JAN 31, 2014 12:00 AM PST

Weight Loss and Fat-Burning Mechanisms

WRITTEN BY: Jen Ellis
Can you lose weight by inducing fat cells to burn other fat cells? That's a little simplistic, but that's the gist of a recent study into mechanisms of weight loss. A research team at Harvard Medical School has discovered that exercise alters some fat cells through release of a specific protein, which indirectly causes them to burn calories.

The study, published recently in Cell Metabolism, looked at the byproducts of a protein known as peroxisome proliferator-activated receptor-gamma coactivator (PCG-1alpha). During exercise, PCG-1alpha activates specific genes inside muscle tissue that increase your body's consumption of energy, but it also affects fat cells in an interesting fashion.

Fat has two primary functions in your body-it stores excess calories if your body should need it for times when you are short on calorie consumption, and it releases hormones that control your metabolism. We all have two types of fat in our body-the predominant white adipose tissue known as "white fat," which serves as the storage vessel, and the lesser brown adipose tissue known as "brown fat", that burns calories through metabolic control.

During exercise, PCG-1alpha seems to activate white fat to turn on genes that give it brown fat characteristics. However, the mechanism is not direct, since PCG-1alpha can't venture outside muscle cells. So what molecule is serving as the messenger to the fat cells? The research team studied the byproducts of muscle cells producing PCG-1alpha and found a potentially useful messenger in beta-aminoisobutyric acid, otherwise known as BAIBA. In experiments with mice, BAIBA produced weight loss and better absorption of glucose, thus producing a healthier metabolism.

Now that we have figured out how to produce healthier mice, can we translate this to healthier humans? It appears possible.
The research team looked at blood samples from the Framingham Heart Study, a comprehensive study that has been investigating heart disease and cardiovascular issues for over six decades. This study provided a rich subject pool of over 2000 patients to analyze for correlative factors with BAIBA, and the team was not disappointed in their search. They discovered that low BAIBA levels were common in people with high insulin and cholesterol levels-known risk factors for diabetes and cardiovascular disease.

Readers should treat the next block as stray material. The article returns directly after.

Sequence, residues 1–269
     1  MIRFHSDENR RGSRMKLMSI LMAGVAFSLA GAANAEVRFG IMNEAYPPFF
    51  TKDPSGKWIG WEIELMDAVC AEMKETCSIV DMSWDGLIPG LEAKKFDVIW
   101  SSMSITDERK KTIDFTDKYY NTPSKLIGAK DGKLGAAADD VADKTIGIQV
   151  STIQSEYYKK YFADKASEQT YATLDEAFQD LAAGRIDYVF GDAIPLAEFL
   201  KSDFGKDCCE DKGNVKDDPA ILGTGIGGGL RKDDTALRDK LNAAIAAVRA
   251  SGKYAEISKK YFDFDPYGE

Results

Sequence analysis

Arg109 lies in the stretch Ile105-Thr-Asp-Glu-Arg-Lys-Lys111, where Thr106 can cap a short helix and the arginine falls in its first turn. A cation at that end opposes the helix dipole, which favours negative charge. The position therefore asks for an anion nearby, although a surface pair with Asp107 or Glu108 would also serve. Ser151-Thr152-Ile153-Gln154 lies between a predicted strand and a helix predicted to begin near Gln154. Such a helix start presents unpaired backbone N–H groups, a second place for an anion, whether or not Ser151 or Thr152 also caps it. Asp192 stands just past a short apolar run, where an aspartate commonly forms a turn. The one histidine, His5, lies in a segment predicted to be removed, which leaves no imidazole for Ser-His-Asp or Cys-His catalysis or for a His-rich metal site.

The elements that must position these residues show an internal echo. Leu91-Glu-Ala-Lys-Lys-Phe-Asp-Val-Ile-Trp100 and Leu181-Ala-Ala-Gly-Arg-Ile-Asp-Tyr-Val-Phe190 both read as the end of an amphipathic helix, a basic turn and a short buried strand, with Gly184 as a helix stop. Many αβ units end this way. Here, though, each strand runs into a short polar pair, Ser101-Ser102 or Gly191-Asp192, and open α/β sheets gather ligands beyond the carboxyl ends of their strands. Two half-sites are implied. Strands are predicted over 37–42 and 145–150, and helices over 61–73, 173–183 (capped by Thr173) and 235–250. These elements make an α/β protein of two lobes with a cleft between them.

A different study provided further evidence of BAIBA's positive effect. In this study, when sedentary people began an exercise program, BAIBA levels in their blood increased by 17%. BAIBA may not be the only molecule causing these effects-there may be other messenger molecules or a synergistic effect with BAIBA and other molecules-but it certainly seems to play a useful role in the fat-burning process and perhaps in cardiovascular health as well.

If the mechanism can be fully understood and characterized for potential side effects, it's possible that BAIBA will be a useful component in drugs to address multiple concerns, from weight control to cardiovascular conditions. In the meantime, the classic solutions work best-a healthy, balanced diet and proper exercise. Let your body's own BAIBA (and other mechanisms) keep you healthy and reduce the need for additives of any kind.
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